And, you can use that understanding to help diagnose toilet flushing problems. If your toilet isn't flushing properly, pour a 5 gallon pail of water into a toilet bowl as fast as you can without causing the bowl to overflow so that you end up spilling water all over the floor. If the bowl THEN flushes properly, then the problem is in the bowl or upstream of it. The issue is that there's not enough water flowing into the bowl (and hence the discharge channel) fast enough to cause the discharge channel to fill with water. That could be that the jet hole at the bottom of the bowl or the holes under the rim of the bowl are clogged up, or that the toilet flapper isn't opening wide, or there simply isn't enough water in the tank.

However, if the toilet still doesn't flush properly after doing the 5 gallon pail trick, then the problem is in the bowl's discharge channel or downstream of it. It could be that there's something stuck in the discharge channel and toilet paper is accumulating on that obstruction and preventing flow through the channel. Or, it could be that the drain pipe from the toilet is already full of water, so there's no place for the newly added water to go.

dmadole 07-21-2010 07:16 AM

Furdown issues
It was originally built that way in 1982, so I'm assumming it is just the way houses were built in Oklahoma. At this point, I will just poke a hole and see what's up there. At least I can fix a hole! Thanks for the advice! I'll let you know how it goes.:)

brodi500 08-06-2012 12:13 PM

What did you end up finding in the ceiling
I want to do the same thing but worry there are plumbing pipes all through there.

CallMeVilla 08-06-2012 01:23 PM

3 Attachment(s)
This was a common practice in the 1980's. I just finished a remodel like this earlier in the year.

1. Yes, you can punch a hole in the ceiling to explore but be careful. We ended up leaving a perimeter at the original ceiling height due to aesthetics and structure. The central part of the ceiling became a trey ceiling with recessed lights. Demolish carefully until you can understand their original framing.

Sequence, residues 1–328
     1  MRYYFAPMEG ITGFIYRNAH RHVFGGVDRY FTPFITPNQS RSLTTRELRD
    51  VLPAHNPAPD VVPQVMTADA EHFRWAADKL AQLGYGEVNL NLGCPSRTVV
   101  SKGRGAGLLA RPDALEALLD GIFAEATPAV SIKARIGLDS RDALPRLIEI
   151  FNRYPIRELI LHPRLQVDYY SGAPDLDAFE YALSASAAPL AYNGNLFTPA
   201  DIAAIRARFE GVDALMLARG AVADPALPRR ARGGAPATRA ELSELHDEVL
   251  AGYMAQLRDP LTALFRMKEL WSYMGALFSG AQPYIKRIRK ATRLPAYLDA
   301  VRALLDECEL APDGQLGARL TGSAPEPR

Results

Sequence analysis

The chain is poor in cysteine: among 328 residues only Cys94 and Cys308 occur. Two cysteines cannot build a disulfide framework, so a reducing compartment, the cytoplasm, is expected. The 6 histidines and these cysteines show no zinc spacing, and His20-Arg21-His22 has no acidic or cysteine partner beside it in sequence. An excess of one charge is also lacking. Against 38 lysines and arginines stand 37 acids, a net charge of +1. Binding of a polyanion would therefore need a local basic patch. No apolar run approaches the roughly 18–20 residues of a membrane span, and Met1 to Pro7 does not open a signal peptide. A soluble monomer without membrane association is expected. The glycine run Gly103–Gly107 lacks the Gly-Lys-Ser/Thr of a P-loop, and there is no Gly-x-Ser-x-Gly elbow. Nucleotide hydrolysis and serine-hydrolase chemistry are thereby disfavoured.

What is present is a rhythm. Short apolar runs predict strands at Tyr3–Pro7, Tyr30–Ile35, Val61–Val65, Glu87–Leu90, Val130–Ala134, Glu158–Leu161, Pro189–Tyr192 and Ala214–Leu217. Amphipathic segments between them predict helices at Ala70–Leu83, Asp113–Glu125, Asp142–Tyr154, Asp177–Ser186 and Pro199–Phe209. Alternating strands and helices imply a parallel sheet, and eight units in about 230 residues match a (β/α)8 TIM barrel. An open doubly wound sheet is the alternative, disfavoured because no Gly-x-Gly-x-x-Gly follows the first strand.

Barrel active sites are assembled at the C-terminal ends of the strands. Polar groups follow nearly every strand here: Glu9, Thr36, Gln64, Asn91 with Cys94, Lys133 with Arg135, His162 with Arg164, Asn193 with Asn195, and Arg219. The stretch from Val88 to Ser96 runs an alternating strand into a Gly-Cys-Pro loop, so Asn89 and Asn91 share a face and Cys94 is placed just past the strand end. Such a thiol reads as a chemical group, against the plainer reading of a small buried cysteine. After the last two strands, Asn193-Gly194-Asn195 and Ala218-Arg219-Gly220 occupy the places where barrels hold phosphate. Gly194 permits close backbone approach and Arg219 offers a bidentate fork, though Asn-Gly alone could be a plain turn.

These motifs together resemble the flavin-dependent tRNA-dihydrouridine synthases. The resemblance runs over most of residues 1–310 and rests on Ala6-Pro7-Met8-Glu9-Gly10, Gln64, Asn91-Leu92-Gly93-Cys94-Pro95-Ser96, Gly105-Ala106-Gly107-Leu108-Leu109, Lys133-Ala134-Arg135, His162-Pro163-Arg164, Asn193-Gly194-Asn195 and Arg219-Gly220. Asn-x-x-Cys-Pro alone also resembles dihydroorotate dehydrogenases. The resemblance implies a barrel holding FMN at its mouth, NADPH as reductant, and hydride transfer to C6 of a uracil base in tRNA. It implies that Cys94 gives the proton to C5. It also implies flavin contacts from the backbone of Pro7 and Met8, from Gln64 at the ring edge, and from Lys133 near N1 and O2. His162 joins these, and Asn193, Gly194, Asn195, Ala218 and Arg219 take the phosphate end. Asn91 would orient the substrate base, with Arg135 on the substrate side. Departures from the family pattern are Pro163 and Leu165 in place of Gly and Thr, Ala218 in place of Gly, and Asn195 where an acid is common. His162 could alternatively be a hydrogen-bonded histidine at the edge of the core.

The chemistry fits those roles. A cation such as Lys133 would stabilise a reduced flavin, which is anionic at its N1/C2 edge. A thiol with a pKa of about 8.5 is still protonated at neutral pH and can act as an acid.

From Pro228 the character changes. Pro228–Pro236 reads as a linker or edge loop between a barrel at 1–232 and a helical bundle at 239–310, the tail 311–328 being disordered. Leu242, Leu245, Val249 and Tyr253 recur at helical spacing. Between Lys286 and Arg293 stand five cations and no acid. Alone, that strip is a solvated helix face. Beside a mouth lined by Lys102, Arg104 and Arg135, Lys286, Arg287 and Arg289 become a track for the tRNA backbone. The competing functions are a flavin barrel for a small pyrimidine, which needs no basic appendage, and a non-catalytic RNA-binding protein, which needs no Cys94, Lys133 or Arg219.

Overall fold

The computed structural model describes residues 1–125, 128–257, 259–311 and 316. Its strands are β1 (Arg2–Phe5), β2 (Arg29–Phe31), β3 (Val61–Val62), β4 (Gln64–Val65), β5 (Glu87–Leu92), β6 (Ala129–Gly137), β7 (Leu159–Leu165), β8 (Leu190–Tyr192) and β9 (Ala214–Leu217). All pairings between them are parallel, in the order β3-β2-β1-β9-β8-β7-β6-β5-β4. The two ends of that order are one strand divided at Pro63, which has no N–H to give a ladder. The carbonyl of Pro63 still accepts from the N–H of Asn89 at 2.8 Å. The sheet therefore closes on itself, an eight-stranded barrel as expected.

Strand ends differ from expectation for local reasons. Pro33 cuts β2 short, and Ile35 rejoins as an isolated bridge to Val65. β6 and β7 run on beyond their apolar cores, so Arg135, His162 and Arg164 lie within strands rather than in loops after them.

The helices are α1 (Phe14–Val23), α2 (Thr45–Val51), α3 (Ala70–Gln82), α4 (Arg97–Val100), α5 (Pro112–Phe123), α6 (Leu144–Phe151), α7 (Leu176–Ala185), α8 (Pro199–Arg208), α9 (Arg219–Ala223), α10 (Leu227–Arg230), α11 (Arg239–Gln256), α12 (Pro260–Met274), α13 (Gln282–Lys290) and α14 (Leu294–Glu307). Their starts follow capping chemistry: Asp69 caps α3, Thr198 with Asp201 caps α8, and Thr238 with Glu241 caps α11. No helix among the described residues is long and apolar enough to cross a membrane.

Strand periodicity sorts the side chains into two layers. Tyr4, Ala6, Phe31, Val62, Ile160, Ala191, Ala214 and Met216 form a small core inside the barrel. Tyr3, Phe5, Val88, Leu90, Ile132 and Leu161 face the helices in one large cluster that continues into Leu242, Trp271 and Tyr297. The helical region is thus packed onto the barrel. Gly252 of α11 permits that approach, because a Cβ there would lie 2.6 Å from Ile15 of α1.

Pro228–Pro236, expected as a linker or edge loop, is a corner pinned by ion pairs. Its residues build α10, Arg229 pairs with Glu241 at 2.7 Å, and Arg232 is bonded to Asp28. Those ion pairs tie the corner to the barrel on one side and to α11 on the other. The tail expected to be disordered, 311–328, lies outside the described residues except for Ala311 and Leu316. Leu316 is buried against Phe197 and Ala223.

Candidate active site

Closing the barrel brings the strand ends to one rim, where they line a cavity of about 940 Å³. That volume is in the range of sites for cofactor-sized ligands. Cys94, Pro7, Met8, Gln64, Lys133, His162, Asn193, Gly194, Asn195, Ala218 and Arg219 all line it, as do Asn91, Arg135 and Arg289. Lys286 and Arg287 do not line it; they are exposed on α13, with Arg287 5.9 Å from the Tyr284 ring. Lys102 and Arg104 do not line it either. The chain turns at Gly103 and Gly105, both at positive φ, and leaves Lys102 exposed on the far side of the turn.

2. In our case, they had 2x12 framing to support the 2nd story and 2x6 on edge with the 2x12 to create an open space for wiring and HVAC ducting. We removed the 2x6 framing to create the higher ceiling and relocated the wiring higher within the 2x12 space to get it out of the way. Similarly, we elevated the HVAC duct and reattached it to the framing and ceiling. (see pics)

3. While we were at it, I ran low volt airing for under-cabinet LED task lighting.

4. Of course, the wiring for the recessed lights was added, using the existing flourescent wiring for power. The breaker had to be upgraded to 20 AMP and the wiring (#12) supported the upgrade.

5. Following the design of the house, we used bullnose drywall corner bead and skip troweled the surface. The gloss paint was chosen to match existing.

Like any project, these are the essentials. There were a lot of tricks along to way. I hope you can get started with this as a guide! :)

nealtw 08-06-2012 01:26 PM

In the 80s, sunlight kitchen fixture were in style. You may find old floresent fixtures but if they were built in at time of construction, you may find anything up there.

CallMeVilla 08-06-2012 04:47 PM

One last comment because some people just have to knock what they see in the pics. We removed some of the blocks in the framing to relocate the HVAC. When the newbie replaced the blocks, some of the corners were no aligned properly, leaving a lip, which would have telegraphed through the new drywall.

To fix this, we just used an electric planer to get the line correct and the new drywall okks like it always belonged there!

brodi500 08-07-2012 08:44 AM

Was there a bathroom above your kitchen? I have one and that is my main worry, that there are pipes below the joists. Wondering what you saw in terms of piping up there.


CallMeVilla 08-07-2012 11:51 AM

One reason we left a perimeter around the raised portion is due to water pipes that were present in part of the dropped ceiling area. Actually, I could have relocated the pipes easily but the aesthetic look did not require adding this section, so we left the pipes and the ceiling as originally built.

However, if you have a waste pipe, or a drain, you may have to elevate them to get the ceiling you want. This means cutting them off, raising the pipe and re-attaching . . . This could get tricky depending on the slope and the availability of access.

My advice is to realize: IT IS ONLY DRYWALL. You can explore carefully and see what is possible. If there is too much in the way, just repair the drywall and move on . . .

Good luck with your adventure! :)